Saturday, October 1, 2016

The Grand Canyon of the Arkansas

That is the 1882 name for what is now known as the Royal Gorge.  Today, we took a train ride up through the canyon to get some photos as it hit me that people who are not from here might want to see what the Colonist saw when they left Canon City heading west to Cotopaxi.

Remember that the train stopped every 7 -10 miles to fill up with water and every 25 miles to add coal.  Since it's 35 miles to Cotopaxi it took awhile for them to get there.

I decided to take photos showing todays train so you could get an aspect as to size and distance.  This is what it looks like when you leave town.  These water diversion gates were not there in 1882....but the landscape was the same and the lack of trees probably the same.

As you round the first couple of corners, you start to see a few more peaks.

Then the river gets more narrow as the peaks get taller

This is the first glimpse of the suspension bridge at the top - you can barely see it, but you can get an idea as to how flat and sheer some of the cliffs in the canyon are.

I wonder what the Colonists thought?  They must have been overwhelmed at the depth of this canon. Of course, the bridge was not there.  And they would have been on a narrow gauge train.  A much different experience than today's ride.

These days, some of the river walls have been cemented in due to floods and erosion of the ground under the tracks.  On the left is a water pipeline that did not exist in 1882.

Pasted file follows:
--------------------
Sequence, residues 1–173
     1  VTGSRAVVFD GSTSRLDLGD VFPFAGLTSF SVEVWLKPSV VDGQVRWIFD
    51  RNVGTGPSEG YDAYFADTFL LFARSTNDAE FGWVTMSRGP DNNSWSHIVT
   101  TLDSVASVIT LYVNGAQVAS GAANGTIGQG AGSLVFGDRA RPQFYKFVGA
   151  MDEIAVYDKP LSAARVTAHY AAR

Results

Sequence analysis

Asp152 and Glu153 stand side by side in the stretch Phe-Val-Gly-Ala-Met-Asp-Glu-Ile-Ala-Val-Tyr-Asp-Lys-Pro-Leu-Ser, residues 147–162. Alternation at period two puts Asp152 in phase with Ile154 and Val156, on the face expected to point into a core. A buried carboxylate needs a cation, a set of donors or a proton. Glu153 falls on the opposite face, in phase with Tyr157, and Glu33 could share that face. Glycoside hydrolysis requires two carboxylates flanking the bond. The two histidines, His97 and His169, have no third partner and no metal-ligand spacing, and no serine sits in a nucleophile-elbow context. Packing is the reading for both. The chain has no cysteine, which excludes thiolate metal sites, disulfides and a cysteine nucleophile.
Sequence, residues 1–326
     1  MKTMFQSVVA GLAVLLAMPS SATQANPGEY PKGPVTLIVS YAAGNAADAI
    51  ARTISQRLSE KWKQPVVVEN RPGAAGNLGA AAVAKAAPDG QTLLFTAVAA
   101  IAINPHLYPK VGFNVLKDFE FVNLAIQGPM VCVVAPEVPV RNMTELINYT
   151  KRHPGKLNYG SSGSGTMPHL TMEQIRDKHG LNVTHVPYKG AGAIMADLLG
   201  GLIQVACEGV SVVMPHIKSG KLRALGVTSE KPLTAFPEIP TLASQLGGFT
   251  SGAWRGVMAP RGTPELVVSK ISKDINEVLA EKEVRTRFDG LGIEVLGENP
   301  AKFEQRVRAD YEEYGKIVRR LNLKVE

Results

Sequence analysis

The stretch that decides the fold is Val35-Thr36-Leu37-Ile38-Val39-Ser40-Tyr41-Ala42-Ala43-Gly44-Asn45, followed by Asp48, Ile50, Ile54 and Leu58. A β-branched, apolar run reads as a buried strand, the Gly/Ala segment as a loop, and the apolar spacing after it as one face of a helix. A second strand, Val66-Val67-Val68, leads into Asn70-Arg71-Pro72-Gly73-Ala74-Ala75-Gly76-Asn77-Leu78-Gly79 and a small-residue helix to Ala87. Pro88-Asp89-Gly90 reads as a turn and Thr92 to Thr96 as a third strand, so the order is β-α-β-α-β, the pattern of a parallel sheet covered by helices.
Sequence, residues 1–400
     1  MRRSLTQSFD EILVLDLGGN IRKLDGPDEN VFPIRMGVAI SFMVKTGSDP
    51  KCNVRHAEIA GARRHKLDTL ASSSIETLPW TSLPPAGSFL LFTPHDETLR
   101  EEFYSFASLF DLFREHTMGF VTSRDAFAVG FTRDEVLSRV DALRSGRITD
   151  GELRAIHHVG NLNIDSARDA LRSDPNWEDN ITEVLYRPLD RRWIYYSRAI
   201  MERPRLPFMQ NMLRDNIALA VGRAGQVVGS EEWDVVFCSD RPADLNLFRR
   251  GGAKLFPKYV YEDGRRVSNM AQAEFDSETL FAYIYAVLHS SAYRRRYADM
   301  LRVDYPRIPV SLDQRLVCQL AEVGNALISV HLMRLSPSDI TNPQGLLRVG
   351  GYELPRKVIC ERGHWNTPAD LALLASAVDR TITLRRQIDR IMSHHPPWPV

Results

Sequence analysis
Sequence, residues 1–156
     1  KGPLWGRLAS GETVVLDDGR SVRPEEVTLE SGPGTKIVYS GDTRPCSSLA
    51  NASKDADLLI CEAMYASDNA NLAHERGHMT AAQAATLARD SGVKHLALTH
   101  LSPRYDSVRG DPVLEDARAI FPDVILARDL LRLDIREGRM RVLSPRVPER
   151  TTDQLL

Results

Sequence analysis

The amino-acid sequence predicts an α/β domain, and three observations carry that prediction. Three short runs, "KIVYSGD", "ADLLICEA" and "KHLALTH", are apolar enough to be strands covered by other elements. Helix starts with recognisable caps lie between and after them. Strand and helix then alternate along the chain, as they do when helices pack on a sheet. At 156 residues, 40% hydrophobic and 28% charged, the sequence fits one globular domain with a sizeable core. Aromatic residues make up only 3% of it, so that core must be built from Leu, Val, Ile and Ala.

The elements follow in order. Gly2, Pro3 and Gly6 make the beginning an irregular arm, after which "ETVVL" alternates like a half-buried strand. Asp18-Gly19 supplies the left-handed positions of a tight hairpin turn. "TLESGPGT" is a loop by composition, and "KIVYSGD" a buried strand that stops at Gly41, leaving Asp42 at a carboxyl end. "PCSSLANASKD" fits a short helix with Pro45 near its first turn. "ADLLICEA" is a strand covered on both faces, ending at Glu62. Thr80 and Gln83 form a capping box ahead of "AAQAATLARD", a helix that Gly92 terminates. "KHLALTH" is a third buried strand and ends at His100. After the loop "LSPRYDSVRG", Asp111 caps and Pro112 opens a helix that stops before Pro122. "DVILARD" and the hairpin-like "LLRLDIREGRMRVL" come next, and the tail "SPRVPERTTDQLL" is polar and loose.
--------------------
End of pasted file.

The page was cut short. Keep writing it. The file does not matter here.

This photo shows the jaggedness of the peaks going through the canyon.

And this is pretty much the scenery anywhere there is land you could walk on.  Filled with cactus and small shrubs.  Hard to believe this is just a few feet from the river, yet absolutely nothing grows here.

The train stops at Parkdale and then you come back to Canon City.   From Parkdale, the highway follows the train the rest of the way to Cotopaxi.  But if you drive it today, you just will not see what they saw going through the Royal Gorge.

 I was able to get this shot of the water showing how shallow it is.  

Today, rafting is the main industry of this river.  But in the 1880s, logs were cut and then put in the river and floated downstream to Canon City and Pueblo.  This is at Parkdale where the early pioneers ran up to 5000 head of cattle and they crossed the Arkansas here.  That would have been something to see!

On the way back, I was able to get this closeup of the suspensions that support the train tracks through the narrowest part of the canyon.

They were told that they could farm the land and then they saw this.  I just think they had to have shook their heads in wonder!  I do and it's 2016!

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